Functional changes in transcriptomes of the prefrontal cortex and hippocampus in a mouse model of anxiety

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Abstract

Anxiety is a multi-etiology disorder influenced by both genetic background and environment. To study the impact of a genetic predisposition, we developed a novel mouse model of anxiety using a combination of crossbreeding and behavioral selection. Comparison of the transcriptomes from the prefrontal cortex and hippocampus of anxious and control mice revealed that the numbers of significantly up- and down-regulated genes were modest, comprising approximately 2% of the tested genes. Functional analysis of the significantly altered gene sets showed that functional groups such as nervous system development, behavior, glial cell differentiation and synaptic transmission were significantly enriched among the up-regulated genes, whereas functional groups such as potassium ion transport, Wnt signaling and neuropeptidergic signaling were significantly enriched among the down-regulated genes. Many of the identified genes and functional groups have been previously linked to the molecular biology of anxiety, while several others, such as transthyretin, vasoactive intestinal polypeptide and various potassium ion channels, are novel or not as well described in this context. Supporting the gene expression data, we also found increased excitability in the hippocampi of anxious mice, which can be a phenotypic result of decreased potassium channel density. Our transcriptome screen showed that the initiation and/or effect of anxiety involve multiple pathways and cellular processes. The identified novel genes and pathways could be involved in the molecular pathogenesis of anxiety and provide potential targets for further drug development.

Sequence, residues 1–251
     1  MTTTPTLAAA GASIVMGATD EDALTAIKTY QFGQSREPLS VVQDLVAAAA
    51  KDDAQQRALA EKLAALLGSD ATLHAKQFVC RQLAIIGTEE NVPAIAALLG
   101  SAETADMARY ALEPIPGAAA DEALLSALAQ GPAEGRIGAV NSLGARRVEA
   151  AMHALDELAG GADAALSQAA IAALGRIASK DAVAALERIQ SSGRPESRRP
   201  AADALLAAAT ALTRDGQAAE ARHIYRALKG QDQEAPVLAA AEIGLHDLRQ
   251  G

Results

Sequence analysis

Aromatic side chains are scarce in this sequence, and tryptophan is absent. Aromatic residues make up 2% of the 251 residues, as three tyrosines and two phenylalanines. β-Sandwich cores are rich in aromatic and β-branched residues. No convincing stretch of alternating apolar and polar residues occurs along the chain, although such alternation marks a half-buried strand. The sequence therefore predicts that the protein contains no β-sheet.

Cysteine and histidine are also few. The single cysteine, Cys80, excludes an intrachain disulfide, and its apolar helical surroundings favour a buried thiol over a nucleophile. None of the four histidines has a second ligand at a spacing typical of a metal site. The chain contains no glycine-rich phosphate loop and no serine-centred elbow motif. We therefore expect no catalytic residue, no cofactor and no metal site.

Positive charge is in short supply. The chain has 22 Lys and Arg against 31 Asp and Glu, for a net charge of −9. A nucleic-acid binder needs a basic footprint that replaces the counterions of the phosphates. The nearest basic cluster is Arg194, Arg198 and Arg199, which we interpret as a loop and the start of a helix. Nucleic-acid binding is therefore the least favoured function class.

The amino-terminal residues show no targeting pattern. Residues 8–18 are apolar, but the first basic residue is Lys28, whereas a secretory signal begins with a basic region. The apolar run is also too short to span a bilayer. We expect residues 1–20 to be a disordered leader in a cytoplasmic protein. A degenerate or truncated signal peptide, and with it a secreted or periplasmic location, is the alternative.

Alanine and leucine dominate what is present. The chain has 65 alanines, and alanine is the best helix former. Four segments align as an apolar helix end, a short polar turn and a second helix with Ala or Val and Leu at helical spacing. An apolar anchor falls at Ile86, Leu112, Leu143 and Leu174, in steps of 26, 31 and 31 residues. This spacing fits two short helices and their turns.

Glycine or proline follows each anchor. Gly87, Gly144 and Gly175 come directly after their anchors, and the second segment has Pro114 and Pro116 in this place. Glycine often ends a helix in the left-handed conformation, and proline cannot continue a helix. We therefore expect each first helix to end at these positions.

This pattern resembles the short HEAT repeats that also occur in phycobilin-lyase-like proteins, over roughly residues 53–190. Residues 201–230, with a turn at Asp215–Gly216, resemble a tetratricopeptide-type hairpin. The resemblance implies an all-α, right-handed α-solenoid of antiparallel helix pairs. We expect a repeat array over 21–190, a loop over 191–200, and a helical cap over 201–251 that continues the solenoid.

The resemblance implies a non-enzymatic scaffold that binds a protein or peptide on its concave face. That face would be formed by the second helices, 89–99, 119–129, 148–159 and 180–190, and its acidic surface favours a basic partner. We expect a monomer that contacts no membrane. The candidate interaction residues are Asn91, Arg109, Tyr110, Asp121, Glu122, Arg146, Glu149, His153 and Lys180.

Original languageEnglish
Pages (from-to)348-361
Number of pages14
JournalPharmacological Reports
Volume63
Issue number2
DOIs
Publication statusPublished - 2011

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Keywords

  • Anxiety
  • Gene expression
  • Hippocampus
  • Microarray
  • Mouse model
  • Prefrontal cortex

ASJC Scopus subject areas

  • Pharmacology

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